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Affordable 3D Printing in Nexus Magazine

The April/May edition of the Nexus magazine has published a rewritten and slightly shorter version of my Affordable 3D Printing article.

Though shorter it still covers five pages and contains:
- overview of 3D printing concepts and history
- 3D printer anatomy
- 3D materials science and thermoplastic polymers
- significant developments and applications
- low cost desktop 3D printers
- potential impact of these affordable 3D printers

Here's an extract from the article:

A basic 3D printer is uncomplicated in both design and operation. Typically it’s a cuboid frame supporting a print bed which moves in a vertical orientation, forming the Z axis. Above this bed, motorised arms propel the printhead in an X and Y axis motion. The printhead guides and heats the print material, which is extruded onto the print platform, rather like ‘hot glue’.

How big is this cuboid shape? Well, that’s really dependent on the items to be printed. Small items only need a small printer - one which takes up no more space than a inkjet paper printer. For larger items the whole assembly is scaled-up, as exemplified by a number of initiatives looking into printing full sized buildings. Even with industrial sized construction and a printhead gantry running on rails, these machines are instantly recognisable as big brothers to the desktop 3D printer.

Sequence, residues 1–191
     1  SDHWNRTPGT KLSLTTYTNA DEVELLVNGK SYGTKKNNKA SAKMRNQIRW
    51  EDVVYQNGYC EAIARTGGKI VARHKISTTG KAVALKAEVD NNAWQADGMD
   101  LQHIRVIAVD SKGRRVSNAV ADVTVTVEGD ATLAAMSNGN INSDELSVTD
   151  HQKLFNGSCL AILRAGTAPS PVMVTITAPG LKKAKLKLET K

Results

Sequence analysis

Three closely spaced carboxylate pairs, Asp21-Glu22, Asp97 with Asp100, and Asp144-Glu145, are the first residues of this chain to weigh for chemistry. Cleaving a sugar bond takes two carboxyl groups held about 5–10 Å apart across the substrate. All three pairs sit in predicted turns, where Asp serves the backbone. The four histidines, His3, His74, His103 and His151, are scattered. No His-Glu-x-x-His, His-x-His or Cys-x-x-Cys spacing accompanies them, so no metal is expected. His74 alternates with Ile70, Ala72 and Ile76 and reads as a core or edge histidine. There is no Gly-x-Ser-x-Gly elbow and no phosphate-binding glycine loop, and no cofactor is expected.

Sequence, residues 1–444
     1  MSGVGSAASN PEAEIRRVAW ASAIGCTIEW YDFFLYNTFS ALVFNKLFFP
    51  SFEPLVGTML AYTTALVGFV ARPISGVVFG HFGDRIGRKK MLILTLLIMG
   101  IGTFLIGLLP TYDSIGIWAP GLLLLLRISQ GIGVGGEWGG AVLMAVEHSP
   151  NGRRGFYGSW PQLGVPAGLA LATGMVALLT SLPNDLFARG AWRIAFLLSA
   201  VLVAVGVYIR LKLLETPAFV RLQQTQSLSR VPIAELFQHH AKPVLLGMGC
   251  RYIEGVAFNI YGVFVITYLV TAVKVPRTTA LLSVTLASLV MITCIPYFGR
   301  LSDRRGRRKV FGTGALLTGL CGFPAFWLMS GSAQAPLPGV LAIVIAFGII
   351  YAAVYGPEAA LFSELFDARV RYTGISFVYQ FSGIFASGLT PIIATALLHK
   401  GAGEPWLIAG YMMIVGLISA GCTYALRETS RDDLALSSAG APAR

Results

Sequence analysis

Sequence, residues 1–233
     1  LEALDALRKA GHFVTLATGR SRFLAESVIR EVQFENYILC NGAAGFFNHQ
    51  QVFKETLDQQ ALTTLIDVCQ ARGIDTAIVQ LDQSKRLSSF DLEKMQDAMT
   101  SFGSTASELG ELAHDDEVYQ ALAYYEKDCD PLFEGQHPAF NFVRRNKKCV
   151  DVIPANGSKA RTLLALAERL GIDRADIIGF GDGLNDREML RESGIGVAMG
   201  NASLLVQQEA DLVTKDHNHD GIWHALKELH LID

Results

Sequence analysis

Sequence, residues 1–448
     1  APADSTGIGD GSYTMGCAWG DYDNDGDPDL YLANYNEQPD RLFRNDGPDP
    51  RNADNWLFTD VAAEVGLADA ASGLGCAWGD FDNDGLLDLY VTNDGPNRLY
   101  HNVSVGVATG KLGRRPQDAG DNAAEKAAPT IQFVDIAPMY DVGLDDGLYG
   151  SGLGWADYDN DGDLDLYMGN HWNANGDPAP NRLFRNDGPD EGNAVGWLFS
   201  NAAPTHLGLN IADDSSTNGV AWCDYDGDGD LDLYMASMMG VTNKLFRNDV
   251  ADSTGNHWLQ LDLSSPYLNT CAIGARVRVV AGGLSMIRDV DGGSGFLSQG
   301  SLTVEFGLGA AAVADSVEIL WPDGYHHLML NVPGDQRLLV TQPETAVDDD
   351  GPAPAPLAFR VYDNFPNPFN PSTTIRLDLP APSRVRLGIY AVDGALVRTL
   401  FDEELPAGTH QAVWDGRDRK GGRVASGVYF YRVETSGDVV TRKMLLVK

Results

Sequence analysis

A 3D printer’s on-board computing requirements are pretty basic too. Being more akin to a motorised calculator there's just a few circuit boards, and a PC connection port to receive a multi-layered 3D digital model. Once a model is received, printing a layer simply involves controlling the flow of material and the printhead's X and Y motion. After each layer it will move the Z axis print platform according to the previously specified print resolution.

The processing power and software required to create 3D digital models can be provided by the powerful computing devices we already own. Harnessing our existing computing resources helps to keep down the start-up costs, and there's already a large choice of commercial and open source 3D modelling applications. Widespread 3D printer adoption would encourage software developers to create additional innovative applications, some of which could be targeted at tablet and smartphone devices.

This international magazine is available from your local W.H. Smiths, and the article itself can be purchased online from this page.

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